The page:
The Brazilian language is one of the easiest ones in the world in what regards pronunciation because it has got plenty of graphical accents.
The English language, on the other hand, is one of the hardest because it does not have any graphical accent.
We then wonder why we could not be changing that.
Why having to guess that for is (foː), as we see in (FOR, 2013), if we can write fór instead of for and let clear to everyone else, by the moment of reading the word, how to say it?
Why having to guess that memory is (mĕm′ə-rē), as we see in (memory, 2003), if we can write mêmory instead and let clear to everyone else, by the moment of reading the word, how to say it?
Cão, which is a word from the Portuguese language (dog), can only be read (kŭō), and the fact that we have no doubts as to how to say this word after reading it from a piece of paper has to be a wonderful thing.
Graphical accents exist to make communication easier then.
Even the Portuguese language, however, has words that could be made much clearer, in terms of pronunciation, through adding graphical accents. For instance, the word amor should be pronounced (ä-mōr), but that is not evident from its writing. We should obviously write amôr to make it easier for everyone.
The fact that these rules have been out there for ages does not mean that we cannot change them any time we decide to do so.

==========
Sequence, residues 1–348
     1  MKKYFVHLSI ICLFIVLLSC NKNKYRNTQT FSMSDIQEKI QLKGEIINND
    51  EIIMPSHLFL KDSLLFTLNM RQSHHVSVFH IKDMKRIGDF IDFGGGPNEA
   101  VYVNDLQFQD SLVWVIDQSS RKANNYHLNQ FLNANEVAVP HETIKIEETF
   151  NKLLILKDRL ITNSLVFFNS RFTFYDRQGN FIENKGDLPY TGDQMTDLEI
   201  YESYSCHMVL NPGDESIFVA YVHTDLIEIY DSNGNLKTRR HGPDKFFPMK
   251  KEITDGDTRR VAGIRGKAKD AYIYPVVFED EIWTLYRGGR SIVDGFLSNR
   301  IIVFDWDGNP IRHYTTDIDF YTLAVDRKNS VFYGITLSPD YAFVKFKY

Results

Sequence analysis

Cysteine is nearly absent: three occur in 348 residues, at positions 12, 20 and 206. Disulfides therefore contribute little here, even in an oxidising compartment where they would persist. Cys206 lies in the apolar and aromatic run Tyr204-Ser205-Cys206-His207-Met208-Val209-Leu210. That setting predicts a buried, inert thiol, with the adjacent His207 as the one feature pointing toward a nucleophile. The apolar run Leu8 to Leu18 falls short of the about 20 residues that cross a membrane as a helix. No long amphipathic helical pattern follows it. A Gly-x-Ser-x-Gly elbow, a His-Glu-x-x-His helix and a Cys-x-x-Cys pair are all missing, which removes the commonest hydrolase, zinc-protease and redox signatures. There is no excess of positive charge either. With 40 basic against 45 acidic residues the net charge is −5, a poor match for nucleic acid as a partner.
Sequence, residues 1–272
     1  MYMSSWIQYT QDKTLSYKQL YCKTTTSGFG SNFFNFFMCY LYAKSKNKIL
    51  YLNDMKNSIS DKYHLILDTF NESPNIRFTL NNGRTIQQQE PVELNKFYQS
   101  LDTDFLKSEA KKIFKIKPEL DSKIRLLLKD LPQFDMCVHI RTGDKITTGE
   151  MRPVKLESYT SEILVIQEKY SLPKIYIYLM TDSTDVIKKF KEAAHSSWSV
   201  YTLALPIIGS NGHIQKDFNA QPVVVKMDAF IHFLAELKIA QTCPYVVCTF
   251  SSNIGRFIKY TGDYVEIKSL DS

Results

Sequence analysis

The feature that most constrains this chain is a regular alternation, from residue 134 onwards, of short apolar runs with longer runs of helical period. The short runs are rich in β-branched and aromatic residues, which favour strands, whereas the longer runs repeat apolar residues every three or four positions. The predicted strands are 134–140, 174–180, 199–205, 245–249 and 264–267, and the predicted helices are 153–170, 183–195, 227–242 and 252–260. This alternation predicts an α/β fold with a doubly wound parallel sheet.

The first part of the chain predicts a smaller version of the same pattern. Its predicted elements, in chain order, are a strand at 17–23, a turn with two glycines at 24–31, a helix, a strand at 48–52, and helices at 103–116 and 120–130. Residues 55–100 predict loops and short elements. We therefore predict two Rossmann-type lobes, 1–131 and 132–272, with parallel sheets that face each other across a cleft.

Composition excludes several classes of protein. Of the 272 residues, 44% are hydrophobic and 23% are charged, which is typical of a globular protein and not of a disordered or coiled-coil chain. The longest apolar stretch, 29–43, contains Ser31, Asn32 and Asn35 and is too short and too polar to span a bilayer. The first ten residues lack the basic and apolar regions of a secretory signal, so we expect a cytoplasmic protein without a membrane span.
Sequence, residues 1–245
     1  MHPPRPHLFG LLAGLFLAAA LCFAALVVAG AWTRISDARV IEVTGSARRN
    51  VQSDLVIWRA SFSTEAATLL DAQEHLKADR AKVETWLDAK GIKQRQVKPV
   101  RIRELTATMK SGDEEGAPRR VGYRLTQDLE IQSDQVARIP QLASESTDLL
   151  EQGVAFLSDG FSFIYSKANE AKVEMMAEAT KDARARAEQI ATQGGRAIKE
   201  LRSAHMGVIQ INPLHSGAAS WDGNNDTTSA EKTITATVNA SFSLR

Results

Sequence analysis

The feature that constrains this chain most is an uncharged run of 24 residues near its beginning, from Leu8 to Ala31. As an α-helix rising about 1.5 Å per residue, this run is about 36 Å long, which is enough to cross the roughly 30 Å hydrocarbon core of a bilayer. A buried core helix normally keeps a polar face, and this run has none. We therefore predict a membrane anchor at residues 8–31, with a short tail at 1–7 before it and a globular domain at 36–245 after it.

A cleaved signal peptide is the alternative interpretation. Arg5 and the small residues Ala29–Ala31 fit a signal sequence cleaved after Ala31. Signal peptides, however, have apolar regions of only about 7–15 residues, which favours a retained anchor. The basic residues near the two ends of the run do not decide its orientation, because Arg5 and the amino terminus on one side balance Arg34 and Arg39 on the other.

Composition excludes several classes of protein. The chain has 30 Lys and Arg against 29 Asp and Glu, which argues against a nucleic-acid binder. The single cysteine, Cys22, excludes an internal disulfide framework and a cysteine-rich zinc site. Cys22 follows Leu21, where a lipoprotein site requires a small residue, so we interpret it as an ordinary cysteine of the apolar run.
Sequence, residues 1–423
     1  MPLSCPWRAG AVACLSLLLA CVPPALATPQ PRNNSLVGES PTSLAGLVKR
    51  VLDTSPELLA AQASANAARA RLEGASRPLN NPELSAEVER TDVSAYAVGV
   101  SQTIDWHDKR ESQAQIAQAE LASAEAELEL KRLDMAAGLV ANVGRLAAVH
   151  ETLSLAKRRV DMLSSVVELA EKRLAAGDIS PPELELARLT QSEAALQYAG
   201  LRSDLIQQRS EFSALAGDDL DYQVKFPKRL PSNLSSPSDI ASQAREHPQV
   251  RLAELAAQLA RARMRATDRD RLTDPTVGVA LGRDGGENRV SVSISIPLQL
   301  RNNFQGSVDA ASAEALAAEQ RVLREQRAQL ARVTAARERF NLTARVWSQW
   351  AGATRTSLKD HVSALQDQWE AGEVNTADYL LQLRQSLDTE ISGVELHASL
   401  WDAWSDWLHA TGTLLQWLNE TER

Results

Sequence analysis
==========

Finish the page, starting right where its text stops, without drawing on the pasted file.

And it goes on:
A good conjecture is that people who were born speaking a language in which graphical accents are highly used and valued would take longest to learn languages from the other extreme, so that people who were born in Brazil, for instance, would be the slowest learners of the English language in a group that had only people who were born in countries in which the official language is like the English language in those regards, that is, has no graphical accents, and themselves.
The converse would not be verified however, since having the graphical accent is better than not having: A person born in the United States of America would probably think that learning the Portuguese language is easier than learning their own language.
We should definitely try to simplify communication in all senses, so that we should be changing the current structure of the Portuguese and the English languages in a way to make pronunciation easy.
We should finish with the phenomena silent letters (Pinheiro, 2012), and rejection of graphical accents in a first move towards that target.
We should also have all hs said in the same way in both languages all the time, just to mention another item, so that hotel and honours should sound the same in what comes to the h (currently, hotel is read (hō-tĕl′), as we see in (hotel, 2003) and honours is read (ˈɒnəz), as we see in (honours, 2003)).
FOR. (n.d.) K Dictionaries. (2013). Retrieved February 15 2014 from http://www.thefreedictionary.com/for
memory. (n.d.) The American Heritage® Dictionary of the English Language, Fourth Edition. (2003). Retrieved February 15 2014 from http://www.thefreedictionary.com/memory
Pinheiro, M. R. (2012). There to make it beautiful or to be pronounced? Retrieved February 17 2014 from http://www.proz.com/translation-articles/articles/3650/1/There-to-make-it-beautiful-or-to-be-pronounced%3F
hotel. (n.d.) The American Heritage® Dictionary of the English Language, Fourth Edition. (2003). Retrieved February 16 2014 from http://www.thefreedictionary.com/hotel
honours. (n.d.) Collins English Dictionary – Complete and Unabridged. (1991, 1994, 1998, 2000, 2003). Retrieved February 16 2014 from http://www.thefreedictionary.com/honours